heyyy guysss....just trying to make a code to proove .999=1

any ideass?? :))

I'm not sure that code can prove it; you're asking the machine to deal with numbers to infinite precision. As soon as you start hitting floating point limits, you can no longer trust the numbers.

Edited 5 Years Ago by Moschops: n/a

In my computer it takes 16 iterations from 0.9 to reach floating point limit of accuracy, if you mean that:

1 0.99
2 0.999
3 0.9999
4 0.99999
5 0.9999990000000001
6 0.9999999
7 0.9999999900000001
8 0.999999999
9 0.9999999999
10 0.99999999999
11 0.999999999999
12 0.9999999999999001
13 0.99999999999999
14 0.999999999999999
15 0.9999999999999999
16 1.0

The code was not in C++, but results should be similar in C++.

Idk if this works but maybe try out using this algebra:

1/9 = 0.1111....
9 * 1/9 = 9 * 0.1111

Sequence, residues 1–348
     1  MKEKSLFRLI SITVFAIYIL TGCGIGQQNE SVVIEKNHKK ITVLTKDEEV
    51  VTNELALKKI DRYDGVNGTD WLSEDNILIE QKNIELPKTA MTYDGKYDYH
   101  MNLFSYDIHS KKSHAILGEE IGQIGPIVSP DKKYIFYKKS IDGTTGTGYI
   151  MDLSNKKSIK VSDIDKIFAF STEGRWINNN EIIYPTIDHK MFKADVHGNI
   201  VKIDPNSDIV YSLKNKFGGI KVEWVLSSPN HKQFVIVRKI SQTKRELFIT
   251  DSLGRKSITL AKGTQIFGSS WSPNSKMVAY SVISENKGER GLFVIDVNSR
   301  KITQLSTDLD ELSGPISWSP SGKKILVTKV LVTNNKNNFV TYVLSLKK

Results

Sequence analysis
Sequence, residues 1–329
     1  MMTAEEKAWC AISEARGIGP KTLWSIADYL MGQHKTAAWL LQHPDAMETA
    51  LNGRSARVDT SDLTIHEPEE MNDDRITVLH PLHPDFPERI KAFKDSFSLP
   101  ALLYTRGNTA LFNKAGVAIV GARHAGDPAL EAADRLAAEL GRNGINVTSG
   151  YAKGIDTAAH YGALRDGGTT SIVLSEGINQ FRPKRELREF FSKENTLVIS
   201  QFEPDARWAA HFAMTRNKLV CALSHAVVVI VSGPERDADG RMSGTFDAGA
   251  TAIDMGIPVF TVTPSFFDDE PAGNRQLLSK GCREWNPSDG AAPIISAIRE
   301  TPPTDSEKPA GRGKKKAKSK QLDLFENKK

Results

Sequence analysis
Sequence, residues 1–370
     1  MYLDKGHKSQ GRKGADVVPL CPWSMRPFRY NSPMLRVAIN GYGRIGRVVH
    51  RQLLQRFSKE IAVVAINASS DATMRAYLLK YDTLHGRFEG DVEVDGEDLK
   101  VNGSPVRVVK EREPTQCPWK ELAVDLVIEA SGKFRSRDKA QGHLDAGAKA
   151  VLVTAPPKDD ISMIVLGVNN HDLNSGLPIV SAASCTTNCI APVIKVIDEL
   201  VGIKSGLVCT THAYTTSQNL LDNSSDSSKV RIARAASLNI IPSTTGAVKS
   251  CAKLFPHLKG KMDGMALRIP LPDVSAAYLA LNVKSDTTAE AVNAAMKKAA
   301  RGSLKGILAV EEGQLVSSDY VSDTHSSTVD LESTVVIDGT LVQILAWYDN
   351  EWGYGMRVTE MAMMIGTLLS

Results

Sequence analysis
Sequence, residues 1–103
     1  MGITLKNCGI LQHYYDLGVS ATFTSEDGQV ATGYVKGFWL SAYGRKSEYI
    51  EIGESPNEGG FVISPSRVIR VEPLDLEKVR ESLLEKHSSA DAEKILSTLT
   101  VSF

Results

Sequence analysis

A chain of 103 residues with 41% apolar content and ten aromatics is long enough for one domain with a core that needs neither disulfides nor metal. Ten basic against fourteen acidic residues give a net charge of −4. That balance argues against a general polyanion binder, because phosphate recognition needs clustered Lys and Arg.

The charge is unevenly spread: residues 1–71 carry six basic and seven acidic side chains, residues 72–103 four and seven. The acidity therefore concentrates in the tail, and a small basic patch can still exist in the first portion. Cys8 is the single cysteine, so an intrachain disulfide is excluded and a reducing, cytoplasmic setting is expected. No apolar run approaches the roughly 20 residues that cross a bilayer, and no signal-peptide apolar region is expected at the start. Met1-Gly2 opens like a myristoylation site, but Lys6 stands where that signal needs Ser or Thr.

1 = 0.999....

See if you get similar result on a computer.

No code can do that..it's a totally crazy idea. I'd love to know if you find a way to do that.

No it is True with repeating decimal 9 of infinite precicion see previous post proving it simply and elegantly with 1 / 9 *9 (same could be done with decimal reprecentation of any number with inverse with repeating decimals)

Edited 5 Years Ago by pyTony: n/a

I'm not sure are you looking this?

LHS= .9999*
= ( 1.0 - 0.0*****1 )
= 1.0 - lim[n->infinity] 1/n
= 1.0 - 0
= 0

.: LHS = RHS

so proving this using code is simple. So you need a Automated Theorm Proving
math engine and in font end you can fetch the following rules.

I didn't see anything saying that the OP was asking to prove that 0.999<repeating> was equal to 1.0. The OP says, prove that 0.999 (which I interpreted as exactly 0.999 as in 0.999000).

Is this a sinister puzzle given by a computer science teacher or something? If so, I believe I see the trick to it.

The puzzle probably wants you to realize that floating point numbers are typically stored with a mantissa and an exponent. What I believe the puzzle is looking for is you to come up with a floating point representation format where the mantissa doesn't have enough bits to store 0.999 - the closest representation would be 1.0.

Good logic and well writeen answer with a start to solving it
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